Grubee 4stroke - in/out box reversal



As it comes, the Grubee 4 stroke gearbox requires you to squeeze the left handle to engage and release the handle to disengage. I have a couple of problems with that:

1- It just seems wrong. It is not a clutch, but an in/out engagement, but if you've ridden a motorcycle, you are used to squeezing to disengage, not to engage.

2- In a "panic" stop, do I really want to have to remember to open my left hand and close the right hand simultaneoulsy? Try that without concentrating some time.

Solution? Reverse the operation of the handle. I did this over the weekend and it was simple as anything I've done on this bike.

There is a "Z" shaped bracket which holds the cable in place which is attached to the bike side of the gearbox at the in/out lever. It is attached with 2- 7mm .8 pitch screws. The photos below show the stock Z bracket location. They are photos taken for another purpose, but I think you can see it OK.

I loosened the cable and removed it (keeping track of the spring), then I removed the Z bracket. After fiddling around, I found that if the Z bracket was bent a bit, reversed and attached to the gearbox cover, it would allow the cable to come in the opposite side of the lever and the spring would hold the lever in the "on" position instead of the "off" position. In this case, "on" is towards the middle of the bike, "off" is to the left, outside as the gearbox is on the left side of the bike. I tapped 2 holes into the gearbok cover to hold the bracket (it only located the cable, there is very little stress on the bracket). The Z bracket was attached with the 2 original screws (which are short enough not to touch the gears, blue loctite wouldn't hurt). The bracket is attached to not stick out the left side, but to extend over the cover back towards the lever. If you do not the reverse the bracket in this way, it sticks out 2 inches to the left of the cover- in the way- and the spring will not be long enough. As it is now, the spring works, but is a bit long. The last thing to do is to get a piece of stainless tubing to put the cable in so that I can make a 90 degree bend so that the cable does not come out to the left so far that it hits my leg. Because it must have a radius that enables the cable to move, it sticks out a little- but not much.

I thought this solution was better than using levers and introducing additional complexity.

Now, if I squeeze the left handle, it disengages. For safety, it has the locking button, so it can be locked "off" to start. For added safety, my bike has a stand that lifts the back wheel off the ground and I will start it with wheel off the ground.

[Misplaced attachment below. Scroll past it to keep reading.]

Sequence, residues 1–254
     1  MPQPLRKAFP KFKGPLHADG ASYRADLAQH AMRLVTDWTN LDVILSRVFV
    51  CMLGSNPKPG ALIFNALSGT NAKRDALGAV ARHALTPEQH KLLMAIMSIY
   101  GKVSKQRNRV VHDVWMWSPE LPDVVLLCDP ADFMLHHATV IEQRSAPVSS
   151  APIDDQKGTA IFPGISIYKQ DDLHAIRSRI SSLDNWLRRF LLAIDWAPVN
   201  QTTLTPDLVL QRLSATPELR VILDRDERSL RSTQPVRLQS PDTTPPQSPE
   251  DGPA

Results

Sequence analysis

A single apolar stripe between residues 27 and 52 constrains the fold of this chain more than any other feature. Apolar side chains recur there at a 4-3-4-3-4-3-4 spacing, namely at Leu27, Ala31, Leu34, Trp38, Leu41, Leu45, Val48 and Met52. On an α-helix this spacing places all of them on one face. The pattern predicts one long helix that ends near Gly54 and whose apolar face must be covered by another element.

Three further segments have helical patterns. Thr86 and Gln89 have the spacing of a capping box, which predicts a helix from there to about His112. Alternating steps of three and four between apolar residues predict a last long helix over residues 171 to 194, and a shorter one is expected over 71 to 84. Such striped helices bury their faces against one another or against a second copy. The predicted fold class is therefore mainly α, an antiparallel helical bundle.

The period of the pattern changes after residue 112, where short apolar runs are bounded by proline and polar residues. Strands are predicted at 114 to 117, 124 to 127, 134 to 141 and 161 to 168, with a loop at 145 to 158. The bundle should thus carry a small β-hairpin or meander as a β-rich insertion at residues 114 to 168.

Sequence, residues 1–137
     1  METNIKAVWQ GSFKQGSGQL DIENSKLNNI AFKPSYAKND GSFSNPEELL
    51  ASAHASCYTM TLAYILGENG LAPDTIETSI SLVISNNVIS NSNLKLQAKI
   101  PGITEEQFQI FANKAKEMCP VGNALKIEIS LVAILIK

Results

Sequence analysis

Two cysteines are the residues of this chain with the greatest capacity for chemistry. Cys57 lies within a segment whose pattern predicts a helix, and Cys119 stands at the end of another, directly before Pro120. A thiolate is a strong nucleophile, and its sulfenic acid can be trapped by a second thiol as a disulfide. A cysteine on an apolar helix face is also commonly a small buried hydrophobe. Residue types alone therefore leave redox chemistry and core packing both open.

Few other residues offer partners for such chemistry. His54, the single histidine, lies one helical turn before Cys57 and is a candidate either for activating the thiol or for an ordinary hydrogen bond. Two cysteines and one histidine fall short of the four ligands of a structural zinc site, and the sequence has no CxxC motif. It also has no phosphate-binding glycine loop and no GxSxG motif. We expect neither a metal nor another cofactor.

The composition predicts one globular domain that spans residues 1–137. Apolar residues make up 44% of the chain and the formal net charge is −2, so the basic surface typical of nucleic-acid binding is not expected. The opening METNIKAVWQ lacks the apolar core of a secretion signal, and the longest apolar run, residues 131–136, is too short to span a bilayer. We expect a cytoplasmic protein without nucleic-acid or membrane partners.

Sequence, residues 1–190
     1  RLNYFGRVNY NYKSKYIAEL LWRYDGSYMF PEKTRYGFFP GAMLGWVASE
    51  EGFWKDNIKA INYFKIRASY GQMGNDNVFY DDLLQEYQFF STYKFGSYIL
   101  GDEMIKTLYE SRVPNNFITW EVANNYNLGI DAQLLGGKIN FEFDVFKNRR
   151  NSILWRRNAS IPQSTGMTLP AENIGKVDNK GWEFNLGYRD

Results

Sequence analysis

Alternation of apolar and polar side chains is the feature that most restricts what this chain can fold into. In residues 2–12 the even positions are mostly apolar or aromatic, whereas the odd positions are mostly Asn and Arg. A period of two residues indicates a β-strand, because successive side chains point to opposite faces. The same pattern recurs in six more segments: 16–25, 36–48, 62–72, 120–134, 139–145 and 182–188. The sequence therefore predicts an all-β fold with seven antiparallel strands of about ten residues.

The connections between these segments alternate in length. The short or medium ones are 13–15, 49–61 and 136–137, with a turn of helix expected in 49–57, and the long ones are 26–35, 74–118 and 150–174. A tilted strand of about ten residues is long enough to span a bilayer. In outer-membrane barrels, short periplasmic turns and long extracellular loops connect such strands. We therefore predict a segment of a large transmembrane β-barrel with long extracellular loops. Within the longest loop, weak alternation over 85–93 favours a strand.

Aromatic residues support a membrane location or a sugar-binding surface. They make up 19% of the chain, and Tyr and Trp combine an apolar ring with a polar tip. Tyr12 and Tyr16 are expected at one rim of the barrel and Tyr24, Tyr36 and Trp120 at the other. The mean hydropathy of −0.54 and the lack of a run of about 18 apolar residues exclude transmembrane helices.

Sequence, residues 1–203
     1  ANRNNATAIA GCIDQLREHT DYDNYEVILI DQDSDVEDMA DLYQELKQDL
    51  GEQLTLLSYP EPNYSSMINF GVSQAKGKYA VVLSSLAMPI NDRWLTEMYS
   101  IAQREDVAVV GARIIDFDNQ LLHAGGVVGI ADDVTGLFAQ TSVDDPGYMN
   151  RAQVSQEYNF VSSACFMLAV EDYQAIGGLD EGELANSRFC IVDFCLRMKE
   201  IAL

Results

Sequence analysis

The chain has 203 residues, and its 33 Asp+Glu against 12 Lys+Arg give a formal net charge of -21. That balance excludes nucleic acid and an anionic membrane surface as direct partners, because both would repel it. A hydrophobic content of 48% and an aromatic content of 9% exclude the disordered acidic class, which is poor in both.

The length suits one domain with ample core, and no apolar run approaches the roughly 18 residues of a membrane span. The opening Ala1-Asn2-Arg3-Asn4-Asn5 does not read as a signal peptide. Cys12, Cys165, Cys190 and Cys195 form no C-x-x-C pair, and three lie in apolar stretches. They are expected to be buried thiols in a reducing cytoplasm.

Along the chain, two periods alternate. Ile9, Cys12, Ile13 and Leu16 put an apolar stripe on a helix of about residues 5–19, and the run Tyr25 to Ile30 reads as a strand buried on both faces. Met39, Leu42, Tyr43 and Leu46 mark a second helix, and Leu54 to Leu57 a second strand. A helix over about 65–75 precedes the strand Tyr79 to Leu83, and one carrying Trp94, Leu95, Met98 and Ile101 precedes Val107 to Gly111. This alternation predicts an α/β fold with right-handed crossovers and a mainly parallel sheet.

Photos of mod to follow (maybe tonight).

As an aside, over the weekend, I also made a new bracket to hold the back of the seat up using one piece of steel instead of turnbuckles and I finished my tank cover. I fabricated a fiberglass cover to go over the stock tank to simulate the angular tank used on the Excelsior 1919 racer- that will have its own thread with pictures of each step and several "learn from my mistakes" tips- soon. next- a leaf spring to simulate the look of the springer on the Excelsior front- this is kind of fun.


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Active Member
Local time
12:46 AM
Dec 15, 2006
Fountain Hills, AZ
nice idea !!!
pics will clarify a lot (visuals help)
thanks for this !!!
you have explained the most with these kits, of any other poster

Large Filipino

I always thought those kits had centrifical clutches. So does that mean you can bump start that like a Happy Time? Wait. That rear sprocket isn't fixed,huh.


They do have cetrifugal clutches. That is why I refer to it as an in/out box. The gearbox can be disengaged so that when you are pedaling, you do not have to drive the the gears. No, it cannot be bump started because of the centrifugal clutch.


Pics of the new setup

In these photos, you can see the new setup. The cable now comes from the left, outside, instead of from the right under the frame. This simple change if you have a tap set) allows the gearbox to disengage when squezing the handle instead of engaging when squeezed. I just have to add place some stainless tubing (copper would work too) over the last few inches so that I can place a bend in the cable to keep it out of the way of my leg.


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Pulling in to disengage makes so much more sense. Could you fabricate a turning block, like LF did for the HT, so that the cable could still come from the inside so as not to get in the way of your leg?


I thought of that- and that is a good idea, but I wanted simplicity over all....however, tinkering is the name of the game.